link/ether 08:00:27:79:03:39 brd ff:ff:ff:ff:ff:ff
inet 192.168.30.52/24 brd 192.168.30.255 scope global dynamic enp0s3
valid_lft 6743sec preferred_lft 6743sec
inet6 fe80::a00:27ff:fe79:339/64 scope link
valid_lft forever preferred_lft forever
 

SirDice

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You probably forgot to add up. So the interface was still administratively down. When you configure an interface with an IP address it's automatically enabled. You don't need to add an IP address to the VLAN interface if you're going to bind a jail or VM to it. But you must set the interface to up.
 
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BonHomme

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You probably forgot to add up. So the interface was still administratively down. When you configure an interface with an IP address it's automatically enabled. You don't need to add an IP address to the VLAN interface if you're going to bind a jail or VM to it. But you must set the interface to up.

I really don't know what I am doing wrong. I have set the vlan in rc.conf exactly the way you showed

Code:
#config vlan's
vlans_igb0="30"
ifconfig_igb0_30="inet 192.168.30.1 netmask 255.255.255.0"


and after
Code:
service netif restart

or
Code:
reboot

i get
Code:
igb0.30: flags=8843<UP,BROADCAST,RUNNING,SIMPLEX,MULTICAST> metric 0 mtu 1500
options=600703<RXCSUM,TXCSUM,TSO4,TSO6,LRO,RXCSUM_IPV6,TXCSUM_IPV6>
ether a0:36:9f:34:de:0c
inet 192.168.30.1 netmask 0xffffff00 broadcast 192.168.30.255
groups: vlan
vlan: 30 vlanpcp: 0 parent interface: igb0
media: Ethernet autoselect (1000baseT <full-duplex>)
status: active
nd6 options=29<PERFORMNUD,IFDISABLED,AUTO_LINKLOCAL>
   

the same result if I do
Code:
vlans_igb0="30"
ifconfig_igb0.30=up


But then again the vlan is NOT WORKING

The only way I get the VLAN working in my Ubuntu 20.04 VM is with these commands on the CLI

ifconfig vlan30 create
ifconfig vlan30 192.168.30.1 netmask 255.255.255.0 vlan 30 vlandev igb0


And I could make it persistent with
Code:
ifconfig_vlan30=up
to rc.conf (without declaring vlans=)

I am glad I got it working somehow, though I don't understand why it only works this way and not the way you showed.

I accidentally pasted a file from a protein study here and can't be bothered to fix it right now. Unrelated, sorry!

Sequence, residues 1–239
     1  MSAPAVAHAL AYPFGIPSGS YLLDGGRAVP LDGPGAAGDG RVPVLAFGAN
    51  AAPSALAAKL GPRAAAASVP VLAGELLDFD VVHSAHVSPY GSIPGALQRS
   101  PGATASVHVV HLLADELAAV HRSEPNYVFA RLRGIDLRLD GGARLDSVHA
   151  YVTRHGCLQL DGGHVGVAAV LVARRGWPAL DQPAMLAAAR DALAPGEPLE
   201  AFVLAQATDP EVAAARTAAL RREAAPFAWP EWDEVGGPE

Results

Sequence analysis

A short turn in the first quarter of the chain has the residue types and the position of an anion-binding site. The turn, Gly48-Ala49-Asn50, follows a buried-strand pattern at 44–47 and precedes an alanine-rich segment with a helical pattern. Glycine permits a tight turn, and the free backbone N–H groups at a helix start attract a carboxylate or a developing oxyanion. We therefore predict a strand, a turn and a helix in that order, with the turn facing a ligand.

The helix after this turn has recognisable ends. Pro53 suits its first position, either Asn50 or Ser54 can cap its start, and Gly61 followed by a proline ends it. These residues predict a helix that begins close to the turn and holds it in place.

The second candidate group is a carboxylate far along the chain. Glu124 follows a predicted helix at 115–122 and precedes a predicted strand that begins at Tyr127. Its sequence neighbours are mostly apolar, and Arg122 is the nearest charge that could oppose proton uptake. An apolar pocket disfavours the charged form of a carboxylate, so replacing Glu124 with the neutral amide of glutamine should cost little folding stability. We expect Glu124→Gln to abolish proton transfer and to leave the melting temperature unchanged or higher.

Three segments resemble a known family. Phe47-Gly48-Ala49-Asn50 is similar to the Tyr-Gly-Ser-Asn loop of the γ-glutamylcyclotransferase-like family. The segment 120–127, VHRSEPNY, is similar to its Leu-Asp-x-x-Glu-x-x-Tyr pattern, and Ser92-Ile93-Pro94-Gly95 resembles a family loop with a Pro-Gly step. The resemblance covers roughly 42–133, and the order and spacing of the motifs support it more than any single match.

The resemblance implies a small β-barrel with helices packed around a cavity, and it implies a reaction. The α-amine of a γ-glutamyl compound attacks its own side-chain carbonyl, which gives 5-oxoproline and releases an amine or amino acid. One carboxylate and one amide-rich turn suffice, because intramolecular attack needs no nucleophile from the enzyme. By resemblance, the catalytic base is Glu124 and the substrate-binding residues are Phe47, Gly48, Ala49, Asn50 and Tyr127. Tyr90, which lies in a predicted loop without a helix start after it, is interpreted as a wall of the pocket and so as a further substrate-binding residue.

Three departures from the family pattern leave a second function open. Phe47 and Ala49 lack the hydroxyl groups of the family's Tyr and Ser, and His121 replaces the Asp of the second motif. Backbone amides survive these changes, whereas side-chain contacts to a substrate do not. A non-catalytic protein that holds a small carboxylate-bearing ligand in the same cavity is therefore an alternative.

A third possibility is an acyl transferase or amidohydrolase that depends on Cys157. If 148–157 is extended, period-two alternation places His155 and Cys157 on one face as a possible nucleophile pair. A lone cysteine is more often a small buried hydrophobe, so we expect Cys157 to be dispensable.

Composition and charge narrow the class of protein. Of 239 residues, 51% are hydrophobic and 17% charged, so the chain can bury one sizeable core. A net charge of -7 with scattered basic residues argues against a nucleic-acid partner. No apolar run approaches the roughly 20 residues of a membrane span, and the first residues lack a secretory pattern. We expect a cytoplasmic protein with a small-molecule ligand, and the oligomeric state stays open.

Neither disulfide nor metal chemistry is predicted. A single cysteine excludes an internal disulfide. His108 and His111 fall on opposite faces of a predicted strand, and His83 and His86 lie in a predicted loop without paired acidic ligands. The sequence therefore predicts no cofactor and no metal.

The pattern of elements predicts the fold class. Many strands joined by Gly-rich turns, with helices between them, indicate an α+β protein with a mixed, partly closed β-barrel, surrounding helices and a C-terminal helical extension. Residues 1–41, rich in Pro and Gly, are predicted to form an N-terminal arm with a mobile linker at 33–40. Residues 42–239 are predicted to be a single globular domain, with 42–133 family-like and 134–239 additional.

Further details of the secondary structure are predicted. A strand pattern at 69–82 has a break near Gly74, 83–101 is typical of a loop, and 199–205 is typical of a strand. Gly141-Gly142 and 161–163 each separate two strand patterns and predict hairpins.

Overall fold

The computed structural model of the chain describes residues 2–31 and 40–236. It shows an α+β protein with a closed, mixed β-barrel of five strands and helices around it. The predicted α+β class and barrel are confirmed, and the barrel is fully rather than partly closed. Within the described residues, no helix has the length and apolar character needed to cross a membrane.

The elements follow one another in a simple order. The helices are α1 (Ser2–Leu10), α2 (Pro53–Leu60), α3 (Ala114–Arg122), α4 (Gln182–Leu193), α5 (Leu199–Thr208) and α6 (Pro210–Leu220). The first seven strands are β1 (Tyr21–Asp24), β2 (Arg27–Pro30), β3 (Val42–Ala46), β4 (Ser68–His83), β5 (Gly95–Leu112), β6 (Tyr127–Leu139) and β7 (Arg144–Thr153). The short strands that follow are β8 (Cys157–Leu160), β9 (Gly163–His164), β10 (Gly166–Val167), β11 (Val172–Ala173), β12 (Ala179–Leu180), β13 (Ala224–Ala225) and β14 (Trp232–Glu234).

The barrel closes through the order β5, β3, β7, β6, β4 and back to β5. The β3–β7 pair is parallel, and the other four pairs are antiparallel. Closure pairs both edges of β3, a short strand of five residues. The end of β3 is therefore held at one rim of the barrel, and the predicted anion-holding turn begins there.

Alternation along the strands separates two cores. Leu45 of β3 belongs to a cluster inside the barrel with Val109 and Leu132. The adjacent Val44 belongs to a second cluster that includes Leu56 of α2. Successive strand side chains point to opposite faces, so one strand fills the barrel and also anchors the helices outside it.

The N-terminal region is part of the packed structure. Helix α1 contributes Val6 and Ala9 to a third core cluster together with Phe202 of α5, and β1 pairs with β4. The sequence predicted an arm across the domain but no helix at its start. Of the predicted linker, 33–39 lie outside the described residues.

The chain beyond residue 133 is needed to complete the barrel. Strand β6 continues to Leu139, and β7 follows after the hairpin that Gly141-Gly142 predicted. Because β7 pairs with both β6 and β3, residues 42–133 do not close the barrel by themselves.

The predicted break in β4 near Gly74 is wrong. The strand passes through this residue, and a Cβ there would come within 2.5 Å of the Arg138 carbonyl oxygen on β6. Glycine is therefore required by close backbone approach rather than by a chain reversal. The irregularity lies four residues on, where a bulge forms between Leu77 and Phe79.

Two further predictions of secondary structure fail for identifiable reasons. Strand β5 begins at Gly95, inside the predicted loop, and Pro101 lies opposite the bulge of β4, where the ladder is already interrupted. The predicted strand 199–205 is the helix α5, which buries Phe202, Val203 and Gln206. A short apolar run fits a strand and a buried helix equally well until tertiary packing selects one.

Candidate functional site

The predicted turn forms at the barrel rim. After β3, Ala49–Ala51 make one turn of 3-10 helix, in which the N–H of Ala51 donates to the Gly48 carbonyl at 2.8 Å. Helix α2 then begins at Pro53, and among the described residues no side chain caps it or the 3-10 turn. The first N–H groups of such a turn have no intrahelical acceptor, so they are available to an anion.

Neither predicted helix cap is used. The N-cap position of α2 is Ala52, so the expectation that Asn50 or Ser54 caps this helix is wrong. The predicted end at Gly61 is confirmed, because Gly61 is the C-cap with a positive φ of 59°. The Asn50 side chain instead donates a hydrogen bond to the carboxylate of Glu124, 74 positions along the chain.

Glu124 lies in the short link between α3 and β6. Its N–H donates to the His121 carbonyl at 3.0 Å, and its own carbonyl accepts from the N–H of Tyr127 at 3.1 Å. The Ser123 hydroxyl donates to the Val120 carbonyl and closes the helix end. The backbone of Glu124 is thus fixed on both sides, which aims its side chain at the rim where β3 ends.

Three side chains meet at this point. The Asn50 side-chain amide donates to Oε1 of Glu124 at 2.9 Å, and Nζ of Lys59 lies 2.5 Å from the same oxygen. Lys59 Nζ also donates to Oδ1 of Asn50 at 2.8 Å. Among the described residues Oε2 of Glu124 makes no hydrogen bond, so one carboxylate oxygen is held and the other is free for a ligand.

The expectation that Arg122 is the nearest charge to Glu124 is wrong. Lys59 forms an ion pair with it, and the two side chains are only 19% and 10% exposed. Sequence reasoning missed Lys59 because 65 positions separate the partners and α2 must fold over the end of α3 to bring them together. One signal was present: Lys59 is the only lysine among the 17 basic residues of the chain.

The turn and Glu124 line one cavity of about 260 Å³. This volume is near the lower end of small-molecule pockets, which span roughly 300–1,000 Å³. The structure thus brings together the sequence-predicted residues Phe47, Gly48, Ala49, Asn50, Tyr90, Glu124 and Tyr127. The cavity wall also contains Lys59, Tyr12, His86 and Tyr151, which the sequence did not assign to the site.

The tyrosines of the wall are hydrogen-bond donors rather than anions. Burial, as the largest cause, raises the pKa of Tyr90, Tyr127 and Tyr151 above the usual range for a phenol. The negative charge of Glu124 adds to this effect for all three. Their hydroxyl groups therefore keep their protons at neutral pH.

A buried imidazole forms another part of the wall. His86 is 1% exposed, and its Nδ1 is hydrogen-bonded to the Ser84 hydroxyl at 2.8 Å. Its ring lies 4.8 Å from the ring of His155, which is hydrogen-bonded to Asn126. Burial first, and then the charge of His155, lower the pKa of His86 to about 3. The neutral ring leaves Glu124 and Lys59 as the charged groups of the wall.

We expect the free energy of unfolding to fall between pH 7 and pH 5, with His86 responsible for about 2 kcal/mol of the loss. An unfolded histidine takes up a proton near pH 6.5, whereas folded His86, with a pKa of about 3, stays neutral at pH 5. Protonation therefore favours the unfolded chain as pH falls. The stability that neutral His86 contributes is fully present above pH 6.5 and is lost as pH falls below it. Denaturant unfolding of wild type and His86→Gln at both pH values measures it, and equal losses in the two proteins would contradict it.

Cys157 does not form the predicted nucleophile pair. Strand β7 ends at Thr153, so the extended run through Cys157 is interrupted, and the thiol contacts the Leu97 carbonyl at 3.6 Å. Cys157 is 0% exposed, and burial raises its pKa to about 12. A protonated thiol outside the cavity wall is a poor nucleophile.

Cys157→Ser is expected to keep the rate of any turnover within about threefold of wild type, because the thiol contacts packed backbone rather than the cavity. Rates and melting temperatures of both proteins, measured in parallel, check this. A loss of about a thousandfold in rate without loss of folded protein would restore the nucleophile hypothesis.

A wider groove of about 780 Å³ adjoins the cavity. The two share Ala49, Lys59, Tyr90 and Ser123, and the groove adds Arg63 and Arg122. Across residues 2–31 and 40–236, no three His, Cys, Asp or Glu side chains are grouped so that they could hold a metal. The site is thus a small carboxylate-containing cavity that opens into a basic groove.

SirDice

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I think one of the problems you're facing is not understanding the difference between tagged and untagged and you're mixing those up. That was, for me, the trickiest bit when I started working with VLANs. When are packets tagged and when are they not. And knowing how to go from tagged to untagged and vice versa.
 
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BonHomme

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You probably forgot to add up. So the interface was still administratively down. When you configure an interface with an IP address it's automatically enabled. You don't need to add an IP address to the VLAN interface if you're going to bind a jail or VM to it. But you must set the interface to up.

It is very well possible that you are right and I will study this subject better. But then I still don't understand how I got it working anyway by just changing the word "igb0" with "vlan". Maybe I get an answer to that after I better studied the ins and outs of tagged vs untagged.

Thanks anyway
 

drakus288

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I also can't understand the difference between these concepts, could you explain the difference clearly. Also I have a small IT business and I needed to develop a VLAN on a VM in advance. And I had similar problems. I had to do this on a virtual machine because I have a registered office address in London to participate in tenders and competitions, where the location of the company plays a big role. I was able to solve this problem thanks to this topic, but I couldn't understand why this is happening.